Then to top it all it is completely unnecessary. As I have tried to say many times, changed ground realities have altered the whole calculus of the Kashmir problem which is stated to be the “core issue” between Indian and Pakistan. The situation on the ground has changed quite significantly since Pakistan’s Kashmir policy was first formulated in 1947. Two major opinion surveys conducted on both sides of border in Kashmir over the period 2007-2010 have shown that less than 5% of the Muslim population of Indian Kashmir would like to join Pakistan. Likewise Pakistani Kashmiris do not want to join India.

(References: (a) survey conducted in August 2007 and sponsored by media groups, Indian Express –The Dawn- CNN-IBN; (b) survey conducted in May 2010 by Robert Braddock – an associate fellow at the Chatham House, a think-tank in London).

It appears that the Kashmiris in Indian Kashmir are not as keen to join Pakistan as the Pakistani Kashmiris are for them to do so. Over time, the interests of the people of Indian Kashmir have become different from those of their brethren on the other side of the border. Given the low desire of the Muslims of Indian Kashmir to join Pakistan and the uncertainty of the political disposition of an independent Kashmir vis -a- vis Pakistan and even Pakistani Kashmiris, it appears that while Pakistan and the Pakistani Kashmiris will lose control over Pakistani Kashmir, they will gain very little in return, if an independent Kashmir were to be created.

In addition since the major rivers on which Pakistan depends for its water-supply are in Pakistani Kashmir. Giving up this part of Kashmir to an independent entity whose political leanings cannot be guaranteed or predicted, would jeopardize Pakistan’s water supply.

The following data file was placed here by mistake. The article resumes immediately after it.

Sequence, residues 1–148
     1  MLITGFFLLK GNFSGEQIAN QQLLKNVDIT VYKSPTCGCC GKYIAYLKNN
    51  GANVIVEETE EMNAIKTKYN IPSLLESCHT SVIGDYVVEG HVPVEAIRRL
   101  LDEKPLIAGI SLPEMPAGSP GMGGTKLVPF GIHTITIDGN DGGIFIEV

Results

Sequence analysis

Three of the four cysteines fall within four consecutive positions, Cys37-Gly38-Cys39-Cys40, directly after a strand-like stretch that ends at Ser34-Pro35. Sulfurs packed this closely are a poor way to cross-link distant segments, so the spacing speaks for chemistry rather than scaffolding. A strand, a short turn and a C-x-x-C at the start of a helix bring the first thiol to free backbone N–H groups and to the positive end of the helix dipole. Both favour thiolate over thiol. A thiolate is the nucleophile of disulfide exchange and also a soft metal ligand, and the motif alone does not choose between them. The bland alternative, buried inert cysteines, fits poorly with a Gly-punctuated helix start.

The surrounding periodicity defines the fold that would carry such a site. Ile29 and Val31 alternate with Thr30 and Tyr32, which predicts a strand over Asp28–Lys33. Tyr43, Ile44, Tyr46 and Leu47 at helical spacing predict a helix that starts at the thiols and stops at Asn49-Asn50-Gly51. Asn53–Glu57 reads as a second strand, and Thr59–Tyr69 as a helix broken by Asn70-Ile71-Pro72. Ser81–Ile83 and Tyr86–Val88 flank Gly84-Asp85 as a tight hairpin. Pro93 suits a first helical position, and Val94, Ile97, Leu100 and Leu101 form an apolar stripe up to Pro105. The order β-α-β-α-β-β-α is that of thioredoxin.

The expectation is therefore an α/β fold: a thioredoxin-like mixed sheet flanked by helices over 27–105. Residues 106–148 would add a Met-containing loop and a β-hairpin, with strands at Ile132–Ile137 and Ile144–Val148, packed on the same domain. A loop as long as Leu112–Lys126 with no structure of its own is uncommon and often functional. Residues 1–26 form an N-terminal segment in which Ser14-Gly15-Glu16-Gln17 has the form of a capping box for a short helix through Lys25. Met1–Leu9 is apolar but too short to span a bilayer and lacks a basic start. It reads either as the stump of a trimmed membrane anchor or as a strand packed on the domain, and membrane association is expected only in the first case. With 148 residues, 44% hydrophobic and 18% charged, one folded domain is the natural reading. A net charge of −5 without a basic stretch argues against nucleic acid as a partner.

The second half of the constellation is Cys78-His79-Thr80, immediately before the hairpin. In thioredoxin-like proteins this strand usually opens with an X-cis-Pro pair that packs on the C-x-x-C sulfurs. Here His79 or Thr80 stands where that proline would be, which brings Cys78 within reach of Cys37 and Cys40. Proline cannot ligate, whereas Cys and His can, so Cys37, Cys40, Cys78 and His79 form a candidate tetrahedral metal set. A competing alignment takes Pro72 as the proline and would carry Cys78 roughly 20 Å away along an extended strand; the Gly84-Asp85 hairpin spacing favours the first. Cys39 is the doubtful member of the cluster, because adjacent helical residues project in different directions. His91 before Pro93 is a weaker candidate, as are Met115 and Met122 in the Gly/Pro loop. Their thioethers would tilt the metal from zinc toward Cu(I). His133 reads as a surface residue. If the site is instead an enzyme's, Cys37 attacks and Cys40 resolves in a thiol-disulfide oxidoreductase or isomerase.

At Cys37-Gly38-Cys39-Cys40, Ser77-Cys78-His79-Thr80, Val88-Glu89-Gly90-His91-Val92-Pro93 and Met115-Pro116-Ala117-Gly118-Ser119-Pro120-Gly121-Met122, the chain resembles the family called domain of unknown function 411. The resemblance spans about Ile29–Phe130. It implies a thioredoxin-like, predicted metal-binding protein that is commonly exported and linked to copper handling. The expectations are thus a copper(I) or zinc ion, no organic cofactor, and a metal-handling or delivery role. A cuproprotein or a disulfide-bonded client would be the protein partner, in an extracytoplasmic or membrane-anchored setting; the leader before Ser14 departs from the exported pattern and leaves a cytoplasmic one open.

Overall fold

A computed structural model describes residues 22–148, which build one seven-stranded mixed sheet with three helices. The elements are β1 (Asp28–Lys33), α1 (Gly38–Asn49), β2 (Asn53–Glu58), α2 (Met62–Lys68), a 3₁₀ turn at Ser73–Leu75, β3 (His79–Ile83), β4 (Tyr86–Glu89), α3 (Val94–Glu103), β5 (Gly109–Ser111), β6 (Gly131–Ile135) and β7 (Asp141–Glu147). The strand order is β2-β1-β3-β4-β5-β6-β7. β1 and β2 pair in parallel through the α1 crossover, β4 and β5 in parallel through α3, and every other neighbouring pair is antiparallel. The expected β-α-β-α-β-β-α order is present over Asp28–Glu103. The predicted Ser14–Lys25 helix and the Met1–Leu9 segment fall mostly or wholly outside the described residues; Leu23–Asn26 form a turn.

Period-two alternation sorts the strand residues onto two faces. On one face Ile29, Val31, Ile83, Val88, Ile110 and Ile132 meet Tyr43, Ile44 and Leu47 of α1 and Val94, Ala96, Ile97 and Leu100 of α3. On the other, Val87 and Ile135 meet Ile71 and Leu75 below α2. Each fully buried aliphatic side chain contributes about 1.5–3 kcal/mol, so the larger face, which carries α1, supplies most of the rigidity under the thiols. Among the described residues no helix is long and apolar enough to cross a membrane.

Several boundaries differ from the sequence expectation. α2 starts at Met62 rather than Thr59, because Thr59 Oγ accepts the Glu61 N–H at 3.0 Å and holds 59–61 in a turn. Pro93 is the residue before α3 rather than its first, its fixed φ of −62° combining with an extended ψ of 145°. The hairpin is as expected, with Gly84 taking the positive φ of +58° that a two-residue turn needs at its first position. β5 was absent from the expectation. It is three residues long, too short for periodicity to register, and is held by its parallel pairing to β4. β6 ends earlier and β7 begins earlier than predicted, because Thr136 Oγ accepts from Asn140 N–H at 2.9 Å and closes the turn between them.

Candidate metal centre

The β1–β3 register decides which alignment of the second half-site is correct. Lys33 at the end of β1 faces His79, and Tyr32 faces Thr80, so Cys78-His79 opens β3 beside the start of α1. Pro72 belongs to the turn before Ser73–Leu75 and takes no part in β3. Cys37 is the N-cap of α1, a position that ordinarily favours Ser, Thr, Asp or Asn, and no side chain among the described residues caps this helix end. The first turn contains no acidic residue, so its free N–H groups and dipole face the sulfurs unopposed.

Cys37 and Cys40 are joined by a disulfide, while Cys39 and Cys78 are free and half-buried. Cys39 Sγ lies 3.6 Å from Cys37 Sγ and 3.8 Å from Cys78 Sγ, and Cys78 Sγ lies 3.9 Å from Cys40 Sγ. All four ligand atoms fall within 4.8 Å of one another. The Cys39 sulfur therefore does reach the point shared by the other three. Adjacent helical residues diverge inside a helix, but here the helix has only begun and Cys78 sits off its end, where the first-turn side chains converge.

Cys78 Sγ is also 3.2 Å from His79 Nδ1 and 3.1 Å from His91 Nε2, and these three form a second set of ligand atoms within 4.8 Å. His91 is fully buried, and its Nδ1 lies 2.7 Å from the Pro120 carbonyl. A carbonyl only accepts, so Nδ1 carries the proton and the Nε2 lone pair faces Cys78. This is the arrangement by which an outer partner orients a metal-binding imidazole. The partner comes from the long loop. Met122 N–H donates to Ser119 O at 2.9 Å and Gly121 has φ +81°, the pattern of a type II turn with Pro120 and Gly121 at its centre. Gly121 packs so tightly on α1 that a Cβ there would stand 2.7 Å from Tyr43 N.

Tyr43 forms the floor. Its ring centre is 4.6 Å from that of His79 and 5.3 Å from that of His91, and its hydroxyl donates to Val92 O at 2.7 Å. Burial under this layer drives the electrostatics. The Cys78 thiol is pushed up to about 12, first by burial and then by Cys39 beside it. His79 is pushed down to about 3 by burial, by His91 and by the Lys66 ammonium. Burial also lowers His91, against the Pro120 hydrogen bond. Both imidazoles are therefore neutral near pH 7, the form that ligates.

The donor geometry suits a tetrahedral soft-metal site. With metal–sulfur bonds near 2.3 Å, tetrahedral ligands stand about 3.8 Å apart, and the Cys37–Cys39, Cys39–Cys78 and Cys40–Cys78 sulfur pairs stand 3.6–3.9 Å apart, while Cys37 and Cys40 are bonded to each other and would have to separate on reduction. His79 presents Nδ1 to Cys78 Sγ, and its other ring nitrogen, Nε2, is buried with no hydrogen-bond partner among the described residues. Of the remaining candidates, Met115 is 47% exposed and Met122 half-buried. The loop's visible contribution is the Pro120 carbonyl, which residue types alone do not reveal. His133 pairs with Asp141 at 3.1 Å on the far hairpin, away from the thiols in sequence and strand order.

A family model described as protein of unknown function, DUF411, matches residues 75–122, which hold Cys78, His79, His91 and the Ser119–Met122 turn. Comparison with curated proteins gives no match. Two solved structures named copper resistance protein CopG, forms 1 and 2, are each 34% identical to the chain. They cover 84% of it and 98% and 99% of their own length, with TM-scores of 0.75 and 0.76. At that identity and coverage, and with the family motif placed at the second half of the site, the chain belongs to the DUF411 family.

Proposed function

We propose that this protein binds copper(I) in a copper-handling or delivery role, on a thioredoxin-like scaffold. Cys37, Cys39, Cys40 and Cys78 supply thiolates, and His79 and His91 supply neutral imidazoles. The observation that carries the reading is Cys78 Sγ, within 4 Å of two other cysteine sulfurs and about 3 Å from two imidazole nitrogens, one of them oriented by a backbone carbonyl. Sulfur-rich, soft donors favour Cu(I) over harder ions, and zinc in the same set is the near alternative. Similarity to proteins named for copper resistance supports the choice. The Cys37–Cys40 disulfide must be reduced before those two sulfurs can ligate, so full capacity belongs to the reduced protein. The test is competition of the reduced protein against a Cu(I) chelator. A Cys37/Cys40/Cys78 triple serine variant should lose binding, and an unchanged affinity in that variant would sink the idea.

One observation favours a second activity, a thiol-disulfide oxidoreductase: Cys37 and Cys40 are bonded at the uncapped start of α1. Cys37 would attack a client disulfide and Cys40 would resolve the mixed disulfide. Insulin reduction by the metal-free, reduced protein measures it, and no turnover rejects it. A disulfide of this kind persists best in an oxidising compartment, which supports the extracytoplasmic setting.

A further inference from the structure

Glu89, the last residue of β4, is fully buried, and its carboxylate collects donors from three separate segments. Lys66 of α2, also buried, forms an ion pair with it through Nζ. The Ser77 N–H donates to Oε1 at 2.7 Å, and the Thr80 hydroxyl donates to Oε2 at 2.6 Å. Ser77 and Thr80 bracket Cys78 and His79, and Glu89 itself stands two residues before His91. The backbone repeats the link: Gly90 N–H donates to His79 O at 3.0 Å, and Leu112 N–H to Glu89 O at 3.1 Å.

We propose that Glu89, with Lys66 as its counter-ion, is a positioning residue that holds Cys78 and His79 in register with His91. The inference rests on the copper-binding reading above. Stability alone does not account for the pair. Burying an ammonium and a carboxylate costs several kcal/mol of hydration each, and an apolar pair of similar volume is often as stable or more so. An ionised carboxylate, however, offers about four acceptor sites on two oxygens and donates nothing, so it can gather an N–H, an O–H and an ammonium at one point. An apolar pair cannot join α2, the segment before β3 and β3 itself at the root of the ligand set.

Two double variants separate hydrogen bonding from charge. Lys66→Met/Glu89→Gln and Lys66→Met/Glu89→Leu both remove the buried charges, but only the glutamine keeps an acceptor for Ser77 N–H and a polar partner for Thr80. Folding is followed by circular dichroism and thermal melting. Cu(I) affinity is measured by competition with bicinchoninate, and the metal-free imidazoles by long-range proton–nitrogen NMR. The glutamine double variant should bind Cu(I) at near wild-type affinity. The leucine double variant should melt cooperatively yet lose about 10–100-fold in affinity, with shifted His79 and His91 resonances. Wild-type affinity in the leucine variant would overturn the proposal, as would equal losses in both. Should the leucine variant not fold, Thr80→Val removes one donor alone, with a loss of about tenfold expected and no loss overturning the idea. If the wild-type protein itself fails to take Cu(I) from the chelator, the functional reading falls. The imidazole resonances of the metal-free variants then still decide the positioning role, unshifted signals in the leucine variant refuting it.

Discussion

It is therefore NO LONGER in the interest of Pakistan and Pakistani Kashmiris to press for a UN plebiscite or an independent Kashmir.

With this changed situation the interests of Indian and Pakistan vis a vis Kashmir become very similar. India has always been unwilling to consider an independent Kashmir as an option Since even the Muslim Kashmiris in India do not want to join Pakistan, and the Pakistani Kashmiris do not want to join India, a division along the LOC, i.e. a formalization of the status quo, is in the best interest of both India and Pakistan.

This should be the primary thrust of Pakistan’s policy, not because it is the best deal that it can get, but since the alternative is not in its interest.
Now the above surveys also showed that Indian Muslim Kashmiris do want independence, essentially to get rid of the alleged Indian suppression there.

However, if a settlement is reached between Indian and Pakistan, as above, it would also drastically reduce the support the Jihadi groups receive in Pakistan. This in turn should lead to a reduction of their activities, which would go a long way in ending the repression in Indian Kashmir and enable the Kashmiri people live a more peaceful life.

I would have thought that Pakistan and India would invest more in making such views popular in their countries instead of investing huge amounts in a program for weapons of mass destruction.